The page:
Uganda’s leading opposition leader returned home on Wednesday from four years of self-imposed exile in South Africa.
Retired Col Kizza Besigye, a runner-up in the 2001 presidential elections, said he had returned to challenge what he called the "dictatorship" of President Yoweri Museveni in the elections expected to take place next year.
He did not however state whether he will stand, only maintaining that the opposition parties will cooperate in order to defeat the current government.
The former army officer fled to exile after alleging that his life was in danger.
"I am coming back, but I know the situation is not different from when I left," he told a news conference immediately he arrived at Entebbe airport, adding that his supporters had been harassed in his absence.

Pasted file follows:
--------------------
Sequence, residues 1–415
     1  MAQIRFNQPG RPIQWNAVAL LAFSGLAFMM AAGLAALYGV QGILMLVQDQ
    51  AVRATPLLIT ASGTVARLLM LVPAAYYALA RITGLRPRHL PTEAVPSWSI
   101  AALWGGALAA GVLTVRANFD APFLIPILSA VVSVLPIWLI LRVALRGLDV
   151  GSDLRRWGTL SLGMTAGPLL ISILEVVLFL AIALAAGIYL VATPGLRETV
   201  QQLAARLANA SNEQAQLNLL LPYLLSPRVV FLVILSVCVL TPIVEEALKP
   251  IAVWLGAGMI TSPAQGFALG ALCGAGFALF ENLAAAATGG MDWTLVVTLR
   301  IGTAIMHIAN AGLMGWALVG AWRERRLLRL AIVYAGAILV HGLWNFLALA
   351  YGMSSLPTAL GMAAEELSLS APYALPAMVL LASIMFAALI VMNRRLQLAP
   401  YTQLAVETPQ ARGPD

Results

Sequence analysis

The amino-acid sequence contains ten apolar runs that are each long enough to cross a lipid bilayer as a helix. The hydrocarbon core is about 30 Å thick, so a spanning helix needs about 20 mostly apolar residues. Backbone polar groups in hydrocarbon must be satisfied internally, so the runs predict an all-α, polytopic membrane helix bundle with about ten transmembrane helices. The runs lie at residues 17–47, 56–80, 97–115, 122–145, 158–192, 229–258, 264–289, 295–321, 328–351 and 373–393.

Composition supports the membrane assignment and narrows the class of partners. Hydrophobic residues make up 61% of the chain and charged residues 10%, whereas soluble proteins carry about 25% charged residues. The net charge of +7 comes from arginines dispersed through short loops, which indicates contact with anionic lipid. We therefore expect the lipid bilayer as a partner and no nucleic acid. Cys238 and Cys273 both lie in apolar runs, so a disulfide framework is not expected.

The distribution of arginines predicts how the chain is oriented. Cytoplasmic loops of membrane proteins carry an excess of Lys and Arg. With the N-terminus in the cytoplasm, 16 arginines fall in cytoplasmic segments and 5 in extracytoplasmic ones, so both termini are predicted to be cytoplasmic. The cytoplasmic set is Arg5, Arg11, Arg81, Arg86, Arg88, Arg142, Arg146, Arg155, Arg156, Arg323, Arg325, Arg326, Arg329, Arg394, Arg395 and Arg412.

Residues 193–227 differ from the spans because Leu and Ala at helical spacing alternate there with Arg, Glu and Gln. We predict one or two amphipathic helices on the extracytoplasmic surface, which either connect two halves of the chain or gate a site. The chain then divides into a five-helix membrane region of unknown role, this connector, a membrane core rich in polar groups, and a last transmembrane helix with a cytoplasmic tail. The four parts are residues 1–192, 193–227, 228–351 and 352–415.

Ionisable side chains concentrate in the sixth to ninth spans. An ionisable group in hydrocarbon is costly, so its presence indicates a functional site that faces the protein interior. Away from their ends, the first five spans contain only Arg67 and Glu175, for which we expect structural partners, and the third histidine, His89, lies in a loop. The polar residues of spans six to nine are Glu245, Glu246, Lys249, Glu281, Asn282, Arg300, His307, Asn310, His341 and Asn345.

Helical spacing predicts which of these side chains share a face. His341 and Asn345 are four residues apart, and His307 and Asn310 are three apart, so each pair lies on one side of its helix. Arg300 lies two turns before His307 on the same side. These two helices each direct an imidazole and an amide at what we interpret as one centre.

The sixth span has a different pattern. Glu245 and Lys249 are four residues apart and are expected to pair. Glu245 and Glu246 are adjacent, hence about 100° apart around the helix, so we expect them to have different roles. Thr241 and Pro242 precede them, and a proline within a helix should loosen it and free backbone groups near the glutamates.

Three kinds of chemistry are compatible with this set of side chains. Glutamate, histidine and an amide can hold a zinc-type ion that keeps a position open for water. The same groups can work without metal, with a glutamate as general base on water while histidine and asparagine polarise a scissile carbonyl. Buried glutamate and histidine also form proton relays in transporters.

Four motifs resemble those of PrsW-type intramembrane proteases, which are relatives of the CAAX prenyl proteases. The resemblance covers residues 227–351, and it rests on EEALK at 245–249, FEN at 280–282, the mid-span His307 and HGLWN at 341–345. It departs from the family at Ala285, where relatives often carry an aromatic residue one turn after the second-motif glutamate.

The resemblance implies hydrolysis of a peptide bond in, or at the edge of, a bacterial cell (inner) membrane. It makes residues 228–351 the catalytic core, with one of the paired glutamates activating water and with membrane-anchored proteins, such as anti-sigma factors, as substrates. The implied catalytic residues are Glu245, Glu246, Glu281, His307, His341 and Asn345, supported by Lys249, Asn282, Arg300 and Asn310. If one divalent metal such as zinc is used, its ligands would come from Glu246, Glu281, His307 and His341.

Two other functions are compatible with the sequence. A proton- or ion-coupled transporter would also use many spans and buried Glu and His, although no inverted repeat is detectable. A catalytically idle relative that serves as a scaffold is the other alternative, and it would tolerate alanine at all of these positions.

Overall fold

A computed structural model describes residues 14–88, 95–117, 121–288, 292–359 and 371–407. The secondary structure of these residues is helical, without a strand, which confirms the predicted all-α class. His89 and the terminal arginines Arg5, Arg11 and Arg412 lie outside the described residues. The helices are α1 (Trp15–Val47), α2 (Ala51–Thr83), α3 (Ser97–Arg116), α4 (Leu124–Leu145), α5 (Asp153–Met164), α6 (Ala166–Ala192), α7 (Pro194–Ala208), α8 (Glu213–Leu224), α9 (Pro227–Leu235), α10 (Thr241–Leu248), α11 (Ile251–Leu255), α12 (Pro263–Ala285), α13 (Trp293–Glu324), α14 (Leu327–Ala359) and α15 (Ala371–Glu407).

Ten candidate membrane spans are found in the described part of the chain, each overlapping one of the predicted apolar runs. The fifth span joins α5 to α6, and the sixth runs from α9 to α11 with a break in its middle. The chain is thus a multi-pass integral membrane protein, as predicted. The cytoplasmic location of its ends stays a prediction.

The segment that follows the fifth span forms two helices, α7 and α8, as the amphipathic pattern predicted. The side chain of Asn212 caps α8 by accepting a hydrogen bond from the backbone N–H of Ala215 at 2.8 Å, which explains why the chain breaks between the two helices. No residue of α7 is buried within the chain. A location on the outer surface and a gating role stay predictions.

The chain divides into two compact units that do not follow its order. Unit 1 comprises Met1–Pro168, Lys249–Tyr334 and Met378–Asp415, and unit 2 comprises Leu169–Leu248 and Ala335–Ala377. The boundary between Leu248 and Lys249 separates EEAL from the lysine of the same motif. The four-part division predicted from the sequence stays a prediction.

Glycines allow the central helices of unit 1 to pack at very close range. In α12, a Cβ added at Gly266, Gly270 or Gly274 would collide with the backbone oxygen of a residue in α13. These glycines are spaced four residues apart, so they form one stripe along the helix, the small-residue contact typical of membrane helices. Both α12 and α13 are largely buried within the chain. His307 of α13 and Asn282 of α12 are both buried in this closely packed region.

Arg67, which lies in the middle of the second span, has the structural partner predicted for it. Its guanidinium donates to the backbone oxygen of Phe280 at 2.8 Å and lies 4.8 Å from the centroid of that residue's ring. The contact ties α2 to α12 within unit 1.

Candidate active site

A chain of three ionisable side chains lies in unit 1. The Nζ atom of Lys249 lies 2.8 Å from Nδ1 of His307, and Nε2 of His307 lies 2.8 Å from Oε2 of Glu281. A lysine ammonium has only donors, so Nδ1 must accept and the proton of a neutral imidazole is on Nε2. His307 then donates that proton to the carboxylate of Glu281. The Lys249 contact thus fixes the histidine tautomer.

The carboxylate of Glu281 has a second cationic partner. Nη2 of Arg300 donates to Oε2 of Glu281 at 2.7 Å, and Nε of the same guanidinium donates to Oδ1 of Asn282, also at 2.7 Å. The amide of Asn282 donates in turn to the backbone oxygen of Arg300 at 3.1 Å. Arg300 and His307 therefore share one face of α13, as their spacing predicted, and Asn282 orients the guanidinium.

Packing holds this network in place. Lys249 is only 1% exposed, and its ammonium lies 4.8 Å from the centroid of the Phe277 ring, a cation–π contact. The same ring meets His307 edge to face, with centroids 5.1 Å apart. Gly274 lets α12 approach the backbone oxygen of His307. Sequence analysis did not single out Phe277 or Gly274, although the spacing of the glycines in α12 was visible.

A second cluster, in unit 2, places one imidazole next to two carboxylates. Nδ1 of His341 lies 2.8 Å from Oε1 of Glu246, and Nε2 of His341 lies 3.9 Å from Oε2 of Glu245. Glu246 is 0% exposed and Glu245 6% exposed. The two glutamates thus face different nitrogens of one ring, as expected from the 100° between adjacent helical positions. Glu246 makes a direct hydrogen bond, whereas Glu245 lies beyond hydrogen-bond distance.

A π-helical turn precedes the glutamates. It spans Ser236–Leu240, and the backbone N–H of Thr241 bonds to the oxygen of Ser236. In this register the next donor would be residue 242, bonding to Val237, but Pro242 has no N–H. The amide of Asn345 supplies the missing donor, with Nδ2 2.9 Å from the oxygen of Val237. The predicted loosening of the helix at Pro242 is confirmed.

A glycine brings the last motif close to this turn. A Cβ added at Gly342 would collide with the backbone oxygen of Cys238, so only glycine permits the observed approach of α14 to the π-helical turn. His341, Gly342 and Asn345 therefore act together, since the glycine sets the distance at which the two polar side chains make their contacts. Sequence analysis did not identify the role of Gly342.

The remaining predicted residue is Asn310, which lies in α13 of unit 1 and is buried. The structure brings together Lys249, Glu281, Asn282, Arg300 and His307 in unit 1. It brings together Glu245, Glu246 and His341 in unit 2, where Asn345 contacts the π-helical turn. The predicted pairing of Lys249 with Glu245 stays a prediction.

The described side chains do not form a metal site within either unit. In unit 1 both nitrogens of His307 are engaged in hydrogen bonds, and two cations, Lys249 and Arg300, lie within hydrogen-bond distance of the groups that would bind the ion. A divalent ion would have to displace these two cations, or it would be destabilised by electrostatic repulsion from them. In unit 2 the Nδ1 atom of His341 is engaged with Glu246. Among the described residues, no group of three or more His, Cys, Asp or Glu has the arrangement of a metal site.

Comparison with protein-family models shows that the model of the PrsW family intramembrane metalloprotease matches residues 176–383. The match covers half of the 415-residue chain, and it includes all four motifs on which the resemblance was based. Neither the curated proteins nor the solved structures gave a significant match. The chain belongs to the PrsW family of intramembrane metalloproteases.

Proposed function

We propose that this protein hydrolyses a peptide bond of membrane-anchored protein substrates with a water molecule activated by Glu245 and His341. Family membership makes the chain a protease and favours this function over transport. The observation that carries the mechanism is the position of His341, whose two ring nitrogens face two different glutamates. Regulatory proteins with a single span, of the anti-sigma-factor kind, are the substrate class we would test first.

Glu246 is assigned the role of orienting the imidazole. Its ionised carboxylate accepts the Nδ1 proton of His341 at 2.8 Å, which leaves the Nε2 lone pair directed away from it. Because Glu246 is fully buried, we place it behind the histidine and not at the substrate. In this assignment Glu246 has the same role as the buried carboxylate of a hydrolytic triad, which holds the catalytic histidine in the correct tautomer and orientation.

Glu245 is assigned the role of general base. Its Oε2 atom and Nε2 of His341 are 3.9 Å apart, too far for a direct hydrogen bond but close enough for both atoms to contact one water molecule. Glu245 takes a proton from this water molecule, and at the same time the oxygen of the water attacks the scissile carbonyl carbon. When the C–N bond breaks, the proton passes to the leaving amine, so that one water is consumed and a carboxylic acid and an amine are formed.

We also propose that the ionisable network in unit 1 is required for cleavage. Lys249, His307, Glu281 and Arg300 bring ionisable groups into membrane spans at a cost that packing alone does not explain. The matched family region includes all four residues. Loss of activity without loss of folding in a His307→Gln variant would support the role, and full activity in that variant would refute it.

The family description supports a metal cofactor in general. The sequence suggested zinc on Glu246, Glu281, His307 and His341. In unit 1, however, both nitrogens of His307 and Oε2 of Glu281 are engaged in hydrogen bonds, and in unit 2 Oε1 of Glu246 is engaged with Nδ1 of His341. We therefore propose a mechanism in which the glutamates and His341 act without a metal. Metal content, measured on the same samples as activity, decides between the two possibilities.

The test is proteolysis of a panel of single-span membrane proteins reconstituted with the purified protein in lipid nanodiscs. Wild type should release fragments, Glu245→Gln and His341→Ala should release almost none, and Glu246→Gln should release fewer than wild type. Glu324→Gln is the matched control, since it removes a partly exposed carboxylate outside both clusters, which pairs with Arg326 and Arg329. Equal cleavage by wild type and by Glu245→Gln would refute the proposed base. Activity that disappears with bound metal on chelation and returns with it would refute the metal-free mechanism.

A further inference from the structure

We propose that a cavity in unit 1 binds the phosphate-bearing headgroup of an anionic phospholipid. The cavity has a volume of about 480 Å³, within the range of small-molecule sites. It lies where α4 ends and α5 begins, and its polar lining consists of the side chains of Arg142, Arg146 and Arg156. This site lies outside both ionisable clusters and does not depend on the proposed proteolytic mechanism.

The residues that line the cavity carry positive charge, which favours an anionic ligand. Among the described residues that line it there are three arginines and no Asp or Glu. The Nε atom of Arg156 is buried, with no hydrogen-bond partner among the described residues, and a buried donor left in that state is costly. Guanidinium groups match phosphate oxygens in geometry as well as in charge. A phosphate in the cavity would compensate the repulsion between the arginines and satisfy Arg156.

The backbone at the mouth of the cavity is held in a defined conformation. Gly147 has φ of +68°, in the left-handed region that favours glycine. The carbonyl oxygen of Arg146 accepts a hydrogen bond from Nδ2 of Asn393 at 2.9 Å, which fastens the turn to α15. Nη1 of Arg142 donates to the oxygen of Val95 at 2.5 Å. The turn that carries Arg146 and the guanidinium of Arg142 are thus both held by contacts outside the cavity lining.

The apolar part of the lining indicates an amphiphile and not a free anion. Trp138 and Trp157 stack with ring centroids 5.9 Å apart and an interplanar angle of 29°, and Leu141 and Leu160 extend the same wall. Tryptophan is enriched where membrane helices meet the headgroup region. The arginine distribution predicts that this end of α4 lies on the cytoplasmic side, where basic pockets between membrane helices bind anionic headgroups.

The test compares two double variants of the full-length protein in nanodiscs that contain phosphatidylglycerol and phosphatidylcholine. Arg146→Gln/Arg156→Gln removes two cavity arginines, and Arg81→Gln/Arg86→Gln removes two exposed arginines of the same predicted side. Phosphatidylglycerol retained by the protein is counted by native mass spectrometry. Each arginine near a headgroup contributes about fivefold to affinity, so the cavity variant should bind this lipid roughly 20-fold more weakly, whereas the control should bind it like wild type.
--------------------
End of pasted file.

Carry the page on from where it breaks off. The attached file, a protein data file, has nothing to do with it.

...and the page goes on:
"Political persecution is rampant in this country," he added, calling on Uganda's fractured opposition groups "to co-operate".
He added: "I don't have animosity against the person of the president. We have animosity against his system."
Besigye, who was Museveni's personal doctor during the guerrilla war that ousted Milton Obote and brought Museveni into power in 1986, had been named by government officials as having links to Ugandan rebel groups.
"Our bottom line demand is for essential political reforms," he said. "I am looking forward to a successful break of the vicious cycle that has bedeviled our country for decades."
A government statement issued earlier said Besigye was free to return to Uganda, adding that it was now the Ugandan government policy to reconcile the citizens so that none would remain in exile.
Scores of supporters looked on as Besigye left in a convoy of cars on a journey to the capital, Kampala, that was stopped several times by thousands of people who lined the road from the airport.